Unripe berries of Ochna. Source: Sydney Weeds Committee
Just about any overgrown garden in
Lane Cove is likely to have seedlings of this tough invasive shrub. It grows up
to 2 to 3 metres tall, has dark green, finely serrated leaves and a yellowish
white stem. In spring it produces many yellow flowers which over summer
gradually turn red with a black, bird-attracting berry in the
reminiscent of Privet in a number of ways - it came to Lane Cove as a hedge
plant; even if cut down to the ground or pruned it resprouts vigorously in the
form of multi-stemmed trunks; it readily invades bushland, crowding and shading
out native vegetation; and its berries are a major food source for Currawongs
which spread the plant all over the North Shore.
migrated between Sydney and the Blue Mountains each year but, encouraged in the
last 20 years by an abundance of food (from garbage bins, petfood, residents
feeding them, and the proliferation of berry-fruited plants in gardens and
bushland), they now live here all year. Currawongs are merciless, efficient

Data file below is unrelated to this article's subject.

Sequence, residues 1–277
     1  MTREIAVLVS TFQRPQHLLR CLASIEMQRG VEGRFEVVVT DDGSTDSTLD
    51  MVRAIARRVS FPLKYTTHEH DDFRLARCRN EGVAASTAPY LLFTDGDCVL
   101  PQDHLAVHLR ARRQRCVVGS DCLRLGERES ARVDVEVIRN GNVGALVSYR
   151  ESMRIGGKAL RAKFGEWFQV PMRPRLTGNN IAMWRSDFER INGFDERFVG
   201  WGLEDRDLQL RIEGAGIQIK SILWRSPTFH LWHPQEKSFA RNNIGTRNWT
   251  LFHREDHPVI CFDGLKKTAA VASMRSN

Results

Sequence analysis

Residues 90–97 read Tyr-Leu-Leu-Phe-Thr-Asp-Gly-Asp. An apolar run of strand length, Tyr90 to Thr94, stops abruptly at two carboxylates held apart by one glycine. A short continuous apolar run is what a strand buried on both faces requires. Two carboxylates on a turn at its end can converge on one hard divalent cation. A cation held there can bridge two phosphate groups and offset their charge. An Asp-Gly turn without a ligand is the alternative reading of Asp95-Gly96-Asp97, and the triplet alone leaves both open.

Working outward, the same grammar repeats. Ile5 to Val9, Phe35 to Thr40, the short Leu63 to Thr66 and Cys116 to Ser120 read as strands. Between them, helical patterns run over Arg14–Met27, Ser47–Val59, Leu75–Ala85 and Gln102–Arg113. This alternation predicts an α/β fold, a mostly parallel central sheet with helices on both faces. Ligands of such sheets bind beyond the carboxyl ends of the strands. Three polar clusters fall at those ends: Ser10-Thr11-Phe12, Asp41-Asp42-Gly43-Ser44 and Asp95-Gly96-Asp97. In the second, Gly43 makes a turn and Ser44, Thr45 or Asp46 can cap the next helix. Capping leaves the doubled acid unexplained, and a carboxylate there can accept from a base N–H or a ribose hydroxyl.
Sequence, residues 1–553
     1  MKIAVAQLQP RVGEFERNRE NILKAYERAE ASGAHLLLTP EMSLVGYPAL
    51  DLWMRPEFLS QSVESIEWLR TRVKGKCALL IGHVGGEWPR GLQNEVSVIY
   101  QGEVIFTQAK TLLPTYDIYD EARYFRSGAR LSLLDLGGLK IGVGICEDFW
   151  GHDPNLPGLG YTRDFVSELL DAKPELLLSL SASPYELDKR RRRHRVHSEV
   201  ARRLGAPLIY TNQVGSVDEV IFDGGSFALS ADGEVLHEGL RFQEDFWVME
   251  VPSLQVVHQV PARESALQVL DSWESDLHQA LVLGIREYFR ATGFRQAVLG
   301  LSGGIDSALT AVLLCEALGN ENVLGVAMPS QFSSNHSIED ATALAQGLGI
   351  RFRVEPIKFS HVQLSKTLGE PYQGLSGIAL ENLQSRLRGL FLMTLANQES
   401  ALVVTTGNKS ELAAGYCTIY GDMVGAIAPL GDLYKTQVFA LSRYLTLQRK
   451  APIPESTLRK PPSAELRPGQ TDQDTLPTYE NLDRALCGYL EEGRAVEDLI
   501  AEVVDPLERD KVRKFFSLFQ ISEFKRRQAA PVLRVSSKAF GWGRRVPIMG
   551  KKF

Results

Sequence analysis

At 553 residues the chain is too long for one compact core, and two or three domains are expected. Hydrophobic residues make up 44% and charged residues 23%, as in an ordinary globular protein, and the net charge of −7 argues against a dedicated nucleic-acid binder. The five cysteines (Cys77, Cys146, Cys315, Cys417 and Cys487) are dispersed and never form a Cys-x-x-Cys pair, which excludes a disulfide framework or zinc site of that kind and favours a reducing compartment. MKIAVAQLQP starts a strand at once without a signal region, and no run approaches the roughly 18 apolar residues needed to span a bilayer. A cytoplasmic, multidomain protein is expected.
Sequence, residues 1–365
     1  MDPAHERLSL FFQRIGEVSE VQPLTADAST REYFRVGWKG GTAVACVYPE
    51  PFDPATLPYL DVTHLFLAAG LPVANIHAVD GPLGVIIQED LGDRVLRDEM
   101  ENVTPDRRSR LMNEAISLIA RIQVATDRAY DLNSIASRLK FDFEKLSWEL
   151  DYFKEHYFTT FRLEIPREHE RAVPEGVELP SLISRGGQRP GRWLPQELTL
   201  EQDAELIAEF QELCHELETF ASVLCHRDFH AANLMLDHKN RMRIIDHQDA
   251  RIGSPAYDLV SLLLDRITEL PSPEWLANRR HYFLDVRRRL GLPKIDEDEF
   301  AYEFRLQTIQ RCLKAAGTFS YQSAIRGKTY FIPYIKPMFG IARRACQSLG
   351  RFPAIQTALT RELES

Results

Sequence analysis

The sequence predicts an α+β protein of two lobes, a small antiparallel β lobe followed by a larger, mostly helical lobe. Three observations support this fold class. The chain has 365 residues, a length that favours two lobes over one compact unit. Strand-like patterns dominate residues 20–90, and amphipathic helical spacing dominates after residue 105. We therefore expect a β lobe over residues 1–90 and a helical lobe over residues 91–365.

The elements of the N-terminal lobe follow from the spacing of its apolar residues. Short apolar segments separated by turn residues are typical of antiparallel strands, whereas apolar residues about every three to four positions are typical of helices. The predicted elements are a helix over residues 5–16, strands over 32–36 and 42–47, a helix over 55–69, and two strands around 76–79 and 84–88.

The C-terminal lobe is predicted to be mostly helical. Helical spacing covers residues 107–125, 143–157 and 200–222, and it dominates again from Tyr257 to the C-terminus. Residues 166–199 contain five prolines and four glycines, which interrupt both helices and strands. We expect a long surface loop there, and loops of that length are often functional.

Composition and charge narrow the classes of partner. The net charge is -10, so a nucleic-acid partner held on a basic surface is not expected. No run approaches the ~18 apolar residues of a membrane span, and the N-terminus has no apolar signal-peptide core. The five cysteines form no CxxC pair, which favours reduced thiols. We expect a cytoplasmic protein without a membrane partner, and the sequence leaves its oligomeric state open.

predators of small birds like Robins, Wrens and Honeyeaters. Sometimes you even
see Currawong gangs harassing nesting Kookaburras for their eggs. Ochnas in the
garden harbour Currawongs.
Control & Removal
Ochnas have a very long taproot. Often at soil level or
just below, the stem will have a kink in it which snaps easily when pulled. The
taproot is usually twice the length or more of the above ground stem and
contains loads of energy to resprout which it does 9 times out of 10 when cut or
broken off. If your Ochna plant is over 10 cm high you’ll have to dig a 20 cm
hole to get it out or scrape the side of the stem and paint it with glyphosate.
If your Ochna is 2 metres high, the easiest, most effective control is to scrape
and paint the stems with glyphosate.
If you have Ochna in your garden
please replace it with a suitable alternative plant species, preferably using
native plants indigenous to Lane Cove to help attract small birds.